Oregon marijuana regulators must improve their monitoring of authorized pot growing operations to ensure growers follow state laws, auditors with the Oregon Secretary of State’s Office say after reviewing the state’s legal recreational marijuana program.
In the report released Wednesday morning, the Secretary of State’s Office said Oregon lacks enough inspectors to oversee the many hundreds of recreational pot growing operations in the state.
The state has 18 marijuana inspectors, or one per 83 approved recreational marijuana operations, compared with the one inspector per 18 marijuana operations that Alaska and Nevada each employs, the report found.
Also under Oregon’s system, authorized marijuana growers are supposed to self-report how much they grow and sell. But this system increases the risk that regulators may fail to uncover violations by growers, the audit found.
In addition, the auditors identified weaknesses in the computer systems that the Oregon Liquor Control Commission uses to license and track recreational marijuana. The recreational pot system is overseen by OLCC.
“Until these issues are resolved, the agency may not be able to detect noncompliance or illegal activity occurring in the recreational marijuana program,” according to the report.
The audit found that the OLCC continues to be swamped with a flood of recreational marijuana license applications. More than 3,100 applications had come into the agency as of late last year, and the OLCC had approved more than 1,600 of them, according to the report. Over half of the approved licenses are for recreational marijuana growing. The rest are for processing, retailing or other activities.
The state report did not directly address a problem that has drawn increasing scrutiny: legal growing operations producing excess marijuana, which ends up being illegally shipped to states where pot remains against the law.
The report comes less than a week after Oregon’s top federal prosecutor — U.S. Attorney Billy Williams — said the state has a “formidable” problem with pot overproduction and with legally grown marijuana being sold into the black market. Williams convened a summit in Portland with federal law enforcement and state officials, as well as pot industry representatives, to ask them for help in addressing the problem.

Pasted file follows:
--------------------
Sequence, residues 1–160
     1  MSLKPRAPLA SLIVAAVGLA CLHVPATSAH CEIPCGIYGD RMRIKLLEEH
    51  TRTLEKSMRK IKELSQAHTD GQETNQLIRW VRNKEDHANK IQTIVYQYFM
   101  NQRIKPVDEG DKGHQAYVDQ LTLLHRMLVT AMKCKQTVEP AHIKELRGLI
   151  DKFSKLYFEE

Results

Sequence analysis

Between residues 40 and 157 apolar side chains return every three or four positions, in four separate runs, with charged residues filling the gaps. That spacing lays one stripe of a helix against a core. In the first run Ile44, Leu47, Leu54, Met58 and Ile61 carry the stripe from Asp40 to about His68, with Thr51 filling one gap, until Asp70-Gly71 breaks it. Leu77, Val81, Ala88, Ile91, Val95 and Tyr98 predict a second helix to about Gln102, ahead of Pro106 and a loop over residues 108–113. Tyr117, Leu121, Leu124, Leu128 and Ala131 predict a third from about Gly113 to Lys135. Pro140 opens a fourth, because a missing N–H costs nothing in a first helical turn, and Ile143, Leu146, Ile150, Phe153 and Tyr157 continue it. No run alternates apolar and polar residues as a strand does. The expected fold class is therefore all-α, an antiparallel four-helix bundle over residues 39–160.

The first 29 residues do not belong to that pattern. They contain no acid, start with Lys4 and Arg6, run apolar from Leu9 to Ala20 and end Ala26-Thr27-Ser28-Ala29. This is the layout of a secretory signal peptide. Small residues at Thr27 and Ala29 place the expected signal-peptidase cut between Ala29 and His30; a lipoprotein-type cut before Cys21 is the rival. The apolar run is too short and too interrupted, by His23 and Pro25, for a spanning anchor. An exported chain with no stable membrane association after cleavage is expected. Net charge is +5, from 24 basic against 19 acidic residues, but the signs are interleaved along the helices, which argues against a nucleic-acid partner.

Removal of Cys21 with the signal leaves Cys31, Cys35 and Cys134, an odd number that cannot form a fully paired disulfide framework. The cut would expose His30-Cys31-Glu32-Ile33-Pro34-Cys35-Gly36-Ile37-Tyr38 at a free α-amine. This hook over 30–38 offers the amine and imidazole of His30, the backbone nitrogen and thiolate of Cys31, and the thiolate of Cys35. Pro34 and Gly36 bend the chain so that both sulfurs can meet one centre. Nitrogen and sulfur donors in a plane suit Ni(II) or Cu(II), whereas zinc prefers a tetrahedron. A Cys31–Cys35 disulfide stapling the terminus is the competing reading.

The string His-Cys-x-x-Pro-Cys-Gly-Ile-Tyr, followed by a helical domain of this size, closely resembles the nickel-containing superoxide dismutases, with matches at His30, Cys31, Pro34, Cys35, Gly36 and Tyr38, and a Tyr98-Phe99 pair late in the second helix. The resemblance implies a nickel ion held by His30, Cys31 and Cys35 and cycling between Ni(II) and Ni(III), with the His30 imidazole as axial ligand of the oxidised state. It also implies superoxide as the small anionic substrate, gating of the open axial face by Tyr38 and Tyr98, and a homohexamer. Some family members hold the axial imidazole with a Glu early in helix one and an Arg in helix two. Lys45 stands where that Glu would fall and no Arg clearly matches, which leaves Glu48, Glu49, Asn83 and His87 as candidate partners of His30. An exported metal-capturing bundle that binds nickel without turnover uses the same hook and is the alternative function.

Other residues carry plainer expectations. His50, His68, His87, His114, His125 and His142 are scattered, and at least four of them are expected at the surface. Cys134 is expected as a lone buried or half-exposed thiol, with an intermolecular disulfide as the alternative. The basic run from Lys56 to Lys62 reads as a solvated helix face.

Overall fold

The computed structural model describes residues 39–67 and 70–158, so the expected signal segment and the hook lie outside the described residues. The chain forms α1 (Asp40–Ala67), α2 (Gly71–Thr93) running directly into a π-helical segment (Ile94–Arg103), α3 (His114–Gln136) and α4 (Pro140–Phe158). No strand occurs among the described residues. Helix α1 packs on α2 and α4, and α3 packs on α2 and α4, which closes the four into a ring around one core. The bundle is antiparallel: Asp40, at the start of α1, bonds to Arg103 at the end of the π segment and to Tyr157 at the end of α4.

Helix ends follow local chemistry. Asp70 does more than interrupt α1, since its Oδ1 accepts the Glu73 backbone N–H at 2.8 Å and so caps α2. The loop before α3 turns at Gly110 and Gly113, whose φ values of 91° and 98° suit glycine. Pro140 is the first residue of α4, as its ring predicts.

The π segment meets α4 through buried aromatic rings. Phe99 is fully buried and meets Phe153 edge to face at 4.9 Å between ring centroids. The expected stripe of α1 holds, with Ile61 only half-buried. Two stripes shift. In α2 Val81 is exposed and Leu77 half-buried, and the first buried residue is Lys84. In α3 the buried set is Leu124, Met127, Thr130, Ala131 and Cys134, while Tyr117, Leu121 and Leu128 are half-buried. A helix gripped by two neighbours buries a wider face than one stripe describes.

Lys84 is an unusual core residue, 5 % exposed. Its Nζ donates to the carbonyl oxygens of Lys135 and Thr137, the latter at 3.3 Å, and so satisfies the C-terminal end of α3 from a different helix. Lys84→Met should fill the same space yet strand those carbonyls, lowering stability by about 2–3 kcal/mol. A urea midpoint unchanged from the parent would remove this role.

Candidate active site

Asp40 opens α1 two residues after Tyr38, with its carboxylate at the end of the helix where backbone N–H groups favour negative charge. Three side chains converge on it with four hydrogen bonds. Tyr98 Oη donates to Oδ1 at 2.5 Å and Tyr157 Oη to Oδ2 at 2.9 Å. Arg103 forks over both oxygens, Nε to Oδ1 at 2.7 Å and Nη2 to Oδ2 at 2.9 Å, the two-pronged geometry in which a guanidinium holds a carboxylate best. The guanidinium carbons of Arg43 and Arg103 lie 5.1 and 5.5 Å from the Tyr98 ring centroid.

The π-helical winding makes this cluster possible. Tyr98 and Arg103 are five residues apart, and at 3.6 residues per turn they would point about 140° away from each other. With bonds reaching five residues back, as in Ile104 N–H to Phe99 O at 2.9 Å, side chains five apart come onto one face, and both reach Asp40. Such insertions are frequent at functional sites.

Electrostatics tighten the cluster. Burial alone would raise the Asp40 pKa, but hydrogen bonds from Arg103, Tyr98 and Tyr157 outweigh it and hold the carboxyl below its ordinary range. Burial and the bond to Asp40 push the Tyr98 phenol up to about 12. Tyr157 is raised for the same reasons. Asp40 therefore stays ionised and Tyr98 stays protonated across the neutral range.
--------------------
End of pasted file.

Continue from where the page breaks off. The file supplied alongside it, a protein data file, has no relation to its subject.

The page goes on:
“Here’s what I know in terms of the landscape here in Oregon, and that is, we have an identifiable and formidable marijuana overproduction and diversion problem,” he said Friday. “And make no mistake about it, we’re going to do something about it.” While Oregon law allows legal production and consumption of recreational marijuana, those activities, along with interstate shipment of pot, are illegal under federal law.
The OLCC received a copy of the report before it was publicly released and responded late last month with a letter to the Secretary of State’s Office. Steve Marks, OLCC executive director, said in the letter that the agency will address the problems highlighted in the report within the next year.
“We are taking immediate action to obtain the necessary approvals to help us remedy issues as rapidly as possible,” Marks wrote.
Oregon’s recreational marijuana market has had more than $480 million in sales through November 2017, according to the report. The state collects a sales tax on recreational pot and, since January 2016, Oregon has brought in more than $115.5 million in taxes on the weed.
Oregonians voted in 2014 to approve the sale of recreational marijuana, and pot became legal in 2015. Medical marijuana has been legal in Oregon since 1998 and the Oregon Health Authority oversees a separate program regulating that industry.
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